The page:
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I was an early adopter of Facebook and for a while it was interesting and fun – actually too much fun because it tended to get in the way of work. Then rumours started to circulate that Microsoft was going to buy it, whereupon I joined a group called “If Microsoft buys Facebook I’m outta here” – or words to that effect. Microsoft did buy in, albeit only in a small way, but I decided to leave anyway because I wasn’t getting that much value from it. Now I’m glad I did. More

Same old Microsoft

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They say you can’t teach an old dog new tricks and that’s most certainly true when it comes to the dog named Microsoft. Unless you’ve been living on another planet for a while, you will remember the furore over the Borg’s application to have its proprietary XML format recognised by ISO as an international standard last year.

Just to refresh your memory, Microsoft tried to sneak an extremely dodgy version of its file standard through the ISO system. Fortunately, we thought, the checks and balances came into play and the monopolists from Redmond were sent back to the drawing board to address many of the objections raised by participants in the ISO process. Some months later, the Borg was back with a greatly revised standard that made it through the process. All well and good except for the fact that Microsoft has just released its Orifice 2010 suite featuring, you guessed it, the originally rejected version of the so-called OOXML standard. You read the whole sordid tale here.

Virgin Mobile sucks

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This is both weird and stupid. The only way the average consumer can communicate with a telecoms supplier in SA is through their respective call centres – most of which are outsourced to specialist call centre operations. In effect, that means they’ll take your money but won’t speak to you, ever.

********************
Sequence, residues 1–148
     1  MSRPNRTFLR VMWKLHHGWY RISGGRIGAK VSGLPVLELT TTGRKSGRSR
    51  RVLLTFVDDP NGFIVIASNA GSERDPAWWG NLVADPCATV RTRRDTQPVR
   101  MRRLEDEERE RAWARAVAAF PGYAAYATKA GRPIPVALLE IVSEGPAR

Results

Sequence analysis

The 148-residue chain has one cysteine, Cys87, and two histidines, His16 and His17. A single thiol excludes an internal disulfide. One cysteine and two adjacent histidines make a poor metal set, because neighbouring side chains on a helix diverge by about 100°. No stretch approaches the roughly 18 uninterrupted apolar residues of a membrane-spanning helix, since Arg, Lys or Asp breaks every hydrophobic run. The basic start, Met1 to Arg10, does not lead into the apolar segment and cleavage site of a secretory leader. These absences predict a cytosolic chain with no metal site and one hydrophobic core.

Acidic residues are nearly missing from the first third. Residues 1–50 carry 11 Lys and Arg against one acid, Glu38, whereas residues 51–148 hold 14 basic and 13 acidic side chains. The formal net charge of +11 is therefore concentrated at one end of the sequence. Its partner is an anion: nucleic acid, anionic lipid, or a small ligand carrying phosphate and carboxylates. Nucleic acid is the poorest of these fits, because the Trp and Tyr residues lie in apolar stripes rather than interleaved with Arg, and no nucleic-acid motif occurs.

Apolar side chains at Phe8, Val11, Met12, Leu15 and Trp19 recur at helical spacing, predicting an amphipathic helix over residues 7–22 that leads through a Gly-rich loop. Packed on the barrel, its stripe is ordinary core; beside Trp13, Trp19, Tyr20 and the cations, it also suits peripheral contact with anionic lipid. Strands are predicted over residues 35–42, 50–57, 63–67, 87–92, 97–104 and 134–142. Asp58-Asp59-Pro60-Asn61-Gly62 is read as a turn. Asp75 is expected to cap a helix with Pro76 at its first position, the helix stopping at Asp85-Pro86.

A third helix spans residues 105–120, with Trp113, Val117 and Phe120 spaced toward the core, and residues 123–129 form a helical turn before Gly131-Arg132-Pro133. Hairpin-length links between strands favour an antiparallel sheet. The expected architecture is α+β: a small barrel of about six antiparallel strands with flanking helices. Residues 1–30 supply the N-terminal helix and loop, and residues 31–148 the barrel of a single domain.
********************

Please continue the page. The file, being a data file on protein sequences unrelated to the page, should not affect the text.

Your details belong to us

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One of my pet hates has always been fine print. The reason is simple: companies always choose to hide unpalatable aspects of their relationship with their clients in it – presumably as an attempt to keep it from notice until it’s needed to wriggle out of paying for something. Well now I’ve found a new, possibly even more nefarious use for fine print.


First serious 2010 malware attack

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There have doubtless already been other cyber attacks seeking to exploit increased interest in the FIFA 2010 soccer world cup, but this is the first one that has come to my attention – and it’s a real doozy. The sneaky swine have downloaded and inserted vicious code into an existing PDF created by a legitimate organiser of touring packages to the event.

They then send out seemingly legitimate emails (like the one featured on Symantec’s analysis here) in an attempt to gain back-door access to targeted organisations. And there have been cases where they have targeted apparently less-sophisticated family members in an attempt to get them to forward the malicious attachments on.

What to do to avoid it? The usual: advise users not to open emailed attachments – even if they’re sent to by family members. Of course, such sage advice will not be followed and the attack will inevitably succeed.